6 Telltale Signs Your Job is Unhealthy
“A little hard work never hurt anyone…!”
It seems like we heard that a lot growing up, either from a parent admonishing us to get busy doing chores, or an elder chiding us to get serious about earning a living. Either way, the implication was we were shirking around in a prolonged childhood, and needed to take on adult responsibilities. It would require a little work, but it wouldn’t hurt anyone in the end.
We’re grown up now, working in the 21st century economy, and we know better.
Day after day of doing even a little hard work adds up to a lot of stress, and often leads to devastating effects on health and wellbeing. In his recently published book, Dying for a Paycheck, renowned management professor Jeffrey Pfeffer pinpoints four major workplace stressors: work-family conflict, long work hours, low control over the work environment, and job insecurity.
In an earlier study, Pfeffer and his colleagues found that job insecurity increases the odds of developing a physician-diagnosed condition by about 50 percent, while long work hours increases mortality by nearly 20 percent. The overall effects of workplace stress on health is more acute for women than men.
Research also shows that it is actually healthier to be without a job than to continue in a highly stressful one. Leaving is often the best thing to do in a situation where your job is literally killing you. Taking positive action towards moving on, such as updating your resume, can help re-empower you while also addressing the stress of job insecurity. (A free resume builder can help should you move in this direction.)
Regardless of whether you work in a toxic environment or a healthy one, you will experience stress, both good and bad. Being aware of how it affects you and your emotions can make a big difference on your health and wellbeing.
Here are 6 signs your job is unhealthy:
- You’re joining in the gossip game
Gossip is the hallmark of a toxic workplace, and poisons the whole environment. Norms of civility have fallen, communication has broken down, and people get what they want through manipulation rather than negotiation. It’s against your value system to gossip, but now you’re finding yourself buying into the dysfunctional system and playing the game. You’re starting to take cheap shots at others, and joining in those rip sessions about dreading coming into work, looking forward to 5 o’clock, and complaining about everything in between. What’s worse, you feel a burst of energy when you participate, only to be regretful later.
- You’re experiencing brain fog
One of the other big telltale signs your job is unhealthy? You’re losing your mental edge is a good indicator that your system is getting tapped from reacting to the stress in your work environment. Increasingly, you notice you’re less able to focus. You’re spending more of your day on unproductive activities. On top of that you’re losing your sense of judgment about your own work, especially whether a task is complete. More broadly, you’re not getting as sharp a read on things, and your intuition is missing things it would ordinarily detect. You might even be questioning your own value, even though others say you are producing quality work.
- It’s starting to feel like burnout, but you are not really sure whether it really is burnout
Your body naturally reacts to stress in the workplace, but you can’t say whether those reactions are due to managing stress effectively. You wake up already tired, and end the day even more so. You don’t feel energized after what anyone else would say is a good day, and it is getting harder to look back on a job well done. You’re becoming easily irritable, but not sure whether it can be solved by addressing a fixable work issue or it’s frayed nerves. And you’re having gut feelings that it’s time to leave, but then turn around and doubt them. This is another one of the majors signs your job is unhealthy!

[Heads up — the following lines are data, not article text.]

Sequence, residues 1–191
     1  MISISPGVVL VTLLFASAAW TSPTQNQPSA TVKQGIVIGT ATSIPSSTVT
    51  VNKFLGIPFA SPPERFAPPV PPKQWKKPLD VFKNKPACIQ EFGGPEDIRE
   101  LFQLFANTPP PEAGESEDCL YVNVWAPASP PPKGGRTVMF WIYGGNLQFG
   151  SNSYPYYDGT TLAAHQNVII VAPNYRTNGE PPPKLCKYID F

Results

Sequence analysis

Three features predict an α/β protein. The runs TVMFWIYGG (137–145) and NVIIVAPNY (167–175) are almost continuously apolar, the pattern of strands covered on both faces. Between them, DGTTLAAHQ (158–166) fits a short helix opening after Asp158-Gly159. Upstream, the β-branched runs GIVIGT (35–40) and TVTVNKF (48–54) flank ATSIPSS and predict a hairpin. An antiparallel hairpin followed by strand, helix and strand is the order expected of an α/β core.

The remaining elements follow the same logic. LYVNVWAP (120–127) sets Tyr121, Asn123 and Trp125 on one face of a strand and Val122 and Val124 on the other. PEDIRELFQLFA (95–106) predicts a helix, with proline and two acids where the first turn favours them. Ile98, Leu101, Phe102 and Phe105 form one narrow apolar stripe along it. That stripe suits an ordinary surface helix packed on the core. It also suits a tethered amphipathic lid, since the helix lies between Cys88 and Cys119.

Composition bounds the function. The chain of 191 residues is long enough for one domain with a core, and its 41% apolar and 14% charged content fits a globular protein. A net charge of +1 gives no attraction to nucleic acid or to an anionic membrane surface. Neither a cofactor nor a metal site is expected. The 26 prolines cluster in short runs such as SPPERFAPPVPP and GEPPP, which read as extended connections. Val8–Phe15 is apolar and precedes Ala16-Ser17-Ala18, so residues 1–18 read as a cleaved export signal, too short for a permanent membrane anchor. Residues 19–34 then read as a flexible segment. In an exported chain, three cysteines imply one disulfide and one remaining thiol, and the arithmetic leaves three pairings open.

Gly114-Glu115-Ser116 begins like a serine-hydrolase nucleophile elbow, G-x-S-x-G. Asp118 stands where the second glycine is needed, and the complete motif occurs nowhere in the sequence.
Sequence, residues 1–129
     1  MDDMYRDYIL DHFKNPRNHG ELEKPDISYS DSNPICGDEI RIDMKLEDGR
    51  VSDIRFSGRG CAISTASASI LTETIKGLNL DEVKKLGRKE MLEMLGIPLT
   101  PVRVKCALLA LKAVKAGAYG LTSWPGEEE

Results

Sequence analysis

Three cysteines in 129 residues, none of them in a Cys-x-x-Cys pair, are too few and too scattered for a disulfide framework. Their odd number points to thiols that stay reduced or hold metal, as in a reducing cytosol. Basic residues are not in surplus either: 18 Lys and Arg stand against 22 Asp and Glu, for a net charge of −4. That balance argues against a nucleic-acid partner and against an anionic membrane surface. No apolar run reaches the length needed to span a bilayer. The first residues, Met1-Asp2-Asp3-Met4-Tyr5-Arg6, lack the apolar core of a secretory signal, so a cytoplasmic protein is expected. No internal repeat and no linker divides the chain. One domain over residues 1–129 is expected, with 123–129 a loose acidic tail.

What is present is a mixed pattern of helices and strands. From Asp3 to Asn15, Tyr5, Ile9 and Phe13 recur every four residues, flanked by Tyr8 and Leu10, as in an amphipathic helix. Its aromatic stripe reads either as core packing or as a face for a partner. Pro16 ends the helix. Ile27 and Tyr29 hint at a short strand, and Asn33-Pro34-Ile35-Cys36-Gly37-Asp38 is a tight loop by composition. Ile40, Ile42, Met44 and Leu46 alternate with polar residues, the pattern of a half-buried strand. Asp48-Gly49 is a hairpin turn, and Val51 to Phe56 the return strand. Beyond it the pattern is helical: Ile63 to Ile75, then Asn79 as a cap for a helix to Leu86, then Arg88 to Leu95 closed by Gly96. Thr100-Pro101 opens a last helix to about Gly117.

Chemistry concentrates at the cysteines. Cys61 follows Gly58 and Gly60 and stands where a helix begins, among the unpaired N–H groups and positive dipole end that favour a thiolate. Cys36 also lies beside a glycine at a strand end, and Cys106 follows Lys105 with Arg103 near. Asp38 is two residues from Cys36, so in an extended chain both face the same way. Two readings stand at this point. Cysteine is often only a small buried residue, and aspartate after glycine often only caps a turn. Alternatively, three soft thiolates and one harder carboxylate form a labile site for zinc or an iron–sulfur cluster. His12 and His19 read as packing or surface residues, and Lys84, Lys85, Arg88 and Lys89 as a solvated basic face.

- You’re in it only for yourself
When your worklife is in balance, you genuinely enjoy the workplace camaraderie, and are energized by being part of something greater than yourself. But when it’s not and you’re getting run down, you start detaching from anything that feels like too much effort. That’s when you “go underground” or try to be invisible. You’re no longer concerned about how your behavior affects your colleagues, business partners, and customers. You start thinking you’re the only person doing any work, but at the same time you don’t want anyone asking you for help.
- You’re starting to throw good after bad
Psychologists call it escalation of commitment, and it’s all about doubling down on a losing cause, hoping to prevail by sheer effort. You might actually be working more and overdoing things, hoping it will compensate for whatever deficit you’re feeling. Things are starting to feel forced. You find yourself pursuing projects just to show others, and become preoccupied with low-value tasks. You spend a lot of energy trying to figure things out, literally losing sleep over it. And that is likely leading to your work-life balance getting way out of whack, such that you seldom visit friends and family.
- It’s interfering with your normal life, and even though you’re aware of it you’re not really addressing it
This is one of the most obvious signs your job is unhealthy, and it’s also the easiest to let slip. Whether it’s sleep, eating, recreation, or your own wellness habits, you’re neglecting taking care of yourself. You might have taken up smoking, drinking, or gorging on comfort food. Your immune system is likely getting weakened, and you’re getting sick more frequently. Your personal and social life has declined such that you spend weekends alone just trying to recover enough to face another week. Overall you find your fun meter bottoming out.
Content Provided by Live Career
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